Yorkshire Wolds could become an Area of Outstanding Natural Beauty

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East Riding of Yorkshire Council has expressed an interest to Natural England for one of its most attractive areas – the Yorkshire Wolds – to be designated as an Area of Outstanding Natural Beauty (AONB).

The council believes that parts of the Wolds may be worthy of statutory designation and has informed Natural England, the government’s advisor on the natural environment.

When the idea was first raised in 2012, anti-wind farm protestors said that the classification could help protect the Wolds from unneccessary future development.

It was also hoped that it could provide a shot in the arm for the region’s tourist industry.

Coun Symon Fraser, portfolio holder for environment, housing and planning, said: “We start this process acknowledging that the Wolds are a special place of great beauty and that this is a result of the historic careful stewardship of those who live, farm and work in the area.

“Our interest in AONB designation will focus on how such recognition can help things happen to improve the Wolds for everyone. We do not look at AONB status as a tool to prevent progress into the future.”

There are currently around 40 AONBs in England and Wales, representing 18% of their finest countryside.

They are nationally important landscapes of such outstanding natural beauty that they are given the same level of statutory protection from inappropriate development that applies in National Parks.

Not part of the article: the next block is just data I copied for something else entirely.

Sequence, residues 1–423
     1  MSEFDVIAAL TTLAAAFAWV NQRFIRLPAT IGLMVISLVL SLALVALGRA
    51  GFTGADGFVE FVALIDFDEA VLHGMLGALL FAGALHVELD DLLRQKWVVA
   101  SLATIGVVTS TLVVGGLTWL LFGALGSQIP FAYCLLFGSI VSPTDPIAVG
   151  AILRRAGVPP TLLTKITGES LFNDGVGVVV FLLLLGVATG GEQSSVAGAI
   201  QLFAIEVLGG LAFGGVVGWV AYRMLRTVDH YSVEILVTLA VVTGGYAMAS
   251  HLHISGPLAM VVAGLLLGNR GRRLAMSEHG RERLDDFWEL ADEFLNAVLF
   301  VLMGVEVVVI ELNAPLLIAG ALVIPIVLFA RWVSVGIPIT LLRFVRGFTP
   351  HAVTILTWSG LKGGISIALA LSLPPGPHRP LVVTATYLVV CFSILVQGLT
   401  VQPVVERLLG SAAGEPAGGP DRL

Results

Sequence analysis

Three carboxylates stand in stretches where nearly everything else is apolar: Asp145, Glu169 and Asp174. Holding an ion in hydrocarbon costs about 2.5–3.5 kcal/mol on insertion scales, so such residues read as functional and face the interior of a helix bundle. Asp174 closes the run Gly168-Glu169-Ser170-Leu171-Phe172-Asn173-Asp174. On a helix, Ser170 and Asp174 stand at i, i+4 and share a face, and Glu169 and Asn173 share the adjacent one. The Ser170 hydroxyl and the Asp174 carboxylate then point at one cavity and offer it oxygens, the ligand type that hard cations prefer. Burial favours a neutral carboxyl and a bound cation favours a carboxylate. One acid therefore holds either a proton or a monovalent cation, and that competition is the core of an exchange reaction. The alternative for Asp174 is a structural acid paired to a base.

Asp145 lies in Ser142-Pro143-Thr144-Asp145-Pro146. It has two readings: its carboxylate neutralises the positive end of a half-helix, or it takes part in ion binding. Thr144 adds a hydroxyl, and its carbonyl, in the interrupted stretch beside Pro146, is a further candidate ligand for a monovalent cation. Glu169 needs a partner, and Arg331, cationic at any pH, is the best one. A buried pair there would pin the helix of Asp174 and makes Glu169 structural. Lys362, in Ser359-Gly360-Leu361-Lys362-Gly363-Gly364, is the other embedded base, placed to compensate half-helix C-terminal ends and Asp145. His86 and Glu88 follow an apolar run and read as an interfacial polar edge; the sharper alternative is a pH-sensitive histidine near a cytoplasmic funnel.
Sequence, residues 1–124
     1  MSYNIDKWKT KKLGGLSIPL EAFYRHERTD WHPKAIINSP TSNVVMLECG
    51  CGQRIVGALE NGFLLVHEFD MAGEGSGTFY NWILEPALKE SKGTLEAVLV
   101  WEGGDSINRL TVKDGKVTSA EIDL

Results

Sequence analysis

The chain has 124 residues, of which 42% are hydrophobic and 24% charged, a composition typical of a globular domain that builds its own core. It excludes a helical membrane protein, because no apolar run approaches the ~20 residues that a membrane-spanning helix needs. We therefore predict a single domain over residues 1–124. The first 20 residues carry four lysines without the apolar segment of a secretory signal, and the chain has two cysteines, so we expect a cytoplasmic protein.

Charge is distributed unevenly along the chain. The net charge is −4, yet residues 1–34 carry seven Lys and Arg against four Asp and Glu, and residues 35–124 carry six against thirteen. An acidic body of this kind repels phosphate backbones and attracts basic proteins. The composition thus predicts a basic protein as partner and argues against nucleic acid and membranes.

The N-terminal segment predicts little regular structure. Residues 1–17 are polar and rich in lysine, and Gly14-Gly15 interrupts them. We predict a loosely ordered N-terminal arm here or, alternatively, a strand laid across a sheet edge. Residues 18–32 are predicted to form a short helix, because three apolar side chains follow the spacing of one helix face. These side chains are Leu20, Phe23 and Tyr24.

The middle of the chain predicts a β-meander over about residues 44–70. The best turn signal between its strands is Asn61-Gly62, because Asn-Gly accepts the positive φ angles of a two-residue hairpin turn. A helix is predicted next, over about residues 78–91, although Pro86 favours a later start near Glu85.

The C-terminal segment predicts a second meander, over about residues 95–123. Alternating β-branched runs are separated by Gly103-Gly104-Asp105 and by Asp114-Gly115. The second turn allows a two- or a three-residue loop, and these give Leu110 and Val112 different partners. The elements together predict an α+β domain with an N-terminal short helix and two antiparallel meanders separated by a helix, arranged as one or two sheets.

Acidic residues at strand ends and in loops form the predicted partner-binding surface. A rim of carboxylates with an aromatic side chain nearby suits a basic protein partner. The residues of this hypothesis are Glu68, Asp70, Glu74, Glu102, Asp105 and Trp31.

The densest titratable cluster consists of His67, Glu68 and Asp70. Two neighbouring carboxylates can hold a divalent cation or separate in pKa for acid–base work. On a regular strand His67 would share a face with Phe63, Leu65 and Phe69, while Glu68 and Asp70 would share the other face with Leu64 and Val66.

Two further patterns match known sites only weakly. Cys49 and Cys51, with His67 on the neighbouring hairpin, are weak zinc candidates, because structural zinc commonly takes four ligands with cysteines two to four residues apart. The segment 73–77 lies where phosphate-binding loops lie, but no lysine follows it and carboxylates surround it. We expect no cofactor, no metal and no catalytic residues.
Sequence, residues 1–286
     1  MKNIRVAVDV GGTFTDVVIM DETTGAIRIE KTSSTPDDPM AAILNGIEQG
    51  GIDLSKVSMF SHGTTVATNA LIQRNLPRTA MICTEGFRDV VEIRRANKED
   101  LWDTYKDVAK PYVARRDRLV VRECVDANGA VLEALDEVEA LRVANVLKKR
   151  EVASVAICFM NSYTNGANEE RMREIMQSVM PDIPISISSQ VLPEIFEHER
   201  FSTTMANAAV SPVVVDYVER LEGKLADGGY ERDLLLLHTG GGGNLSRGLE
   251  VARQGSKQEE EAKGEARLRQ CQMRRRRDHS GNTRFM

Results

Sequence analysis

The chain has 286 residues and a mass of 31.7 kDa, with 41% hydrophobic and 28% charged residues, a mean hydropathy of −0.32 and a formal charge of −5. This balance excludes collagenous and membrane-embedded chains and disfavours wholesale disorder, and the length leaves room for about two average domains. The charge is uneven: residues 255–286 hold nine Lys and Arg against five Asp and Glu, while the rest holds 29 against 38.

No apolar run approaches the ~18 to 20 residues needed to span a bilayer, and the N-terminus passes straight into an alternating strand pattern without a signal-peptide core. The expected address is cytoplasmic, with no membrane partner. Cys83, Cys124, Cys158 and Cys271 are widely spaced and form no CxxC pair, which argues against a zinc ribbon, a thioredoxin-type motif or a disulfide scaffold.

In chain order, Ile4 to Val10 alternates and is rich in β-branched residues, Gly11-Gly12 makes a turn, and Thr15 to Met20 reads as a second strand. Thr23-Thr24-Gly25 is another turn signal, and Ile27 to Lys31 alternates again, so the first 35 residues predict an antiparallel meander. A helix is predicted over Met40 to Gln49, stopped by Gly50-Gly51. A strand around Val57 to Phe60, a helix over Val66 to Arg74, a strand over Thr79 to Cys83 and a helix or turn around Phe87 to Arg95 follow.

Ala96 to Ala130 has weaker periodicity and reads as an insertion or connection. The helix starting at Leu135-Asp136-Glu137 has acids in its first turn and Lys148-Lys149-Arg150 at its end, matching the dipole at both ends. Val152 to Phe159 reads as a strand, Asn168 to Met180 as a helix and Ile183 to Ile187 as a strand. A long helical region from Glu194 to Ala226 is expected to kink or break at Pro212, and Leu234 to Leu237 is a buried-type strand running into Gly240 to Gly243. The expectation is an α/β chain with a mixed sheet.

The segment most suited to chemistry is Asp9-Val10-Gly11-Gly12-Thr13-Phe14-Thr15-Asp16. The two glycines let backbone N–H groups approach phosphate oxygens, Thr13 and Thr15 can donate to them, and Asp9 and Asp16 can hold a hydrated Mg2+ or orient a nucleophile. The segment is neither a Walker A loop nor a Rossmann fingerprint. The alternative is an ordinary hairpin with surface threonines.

They are designated by Natural England, who also advise on policies to protect them.

In this region, there are existing AONBs covering the Howardian Hills and Nidderdale in North Yorkshire, and the Lincolnshire Wolds.

The purposes of designating an AONB are to conserve and enhance the natural beauty of the landscape to ensure its survival for future generations; to meet the need for quiet enjoyment of the countryside; and to have regard for the interests of those who live and work there.

At the same time, it is recognised that the countryside is not a museum and must continue to support a distinct and traditional rural way of life.

If it is agreed by Natural England that an application for designation can be pursued, then further supporting evidence and information will be sought.

The process to formal designation would be likely to take several years to achieve and could lead to a Public Inquiry.

As part of the process, the council would also seek to consult all the interested parties in the area, including local farmers, landowners, residents and the tourism industry.

If the designation was agreed, a Joint Advisory Committee including representatives of local authorities, landowners, farmers and conservation groups would be established, to manage the designated area.

The council is now awaiting a response from Natural England as to whether their expression of interest will be taken any further.

Read more in next week’s Free Press.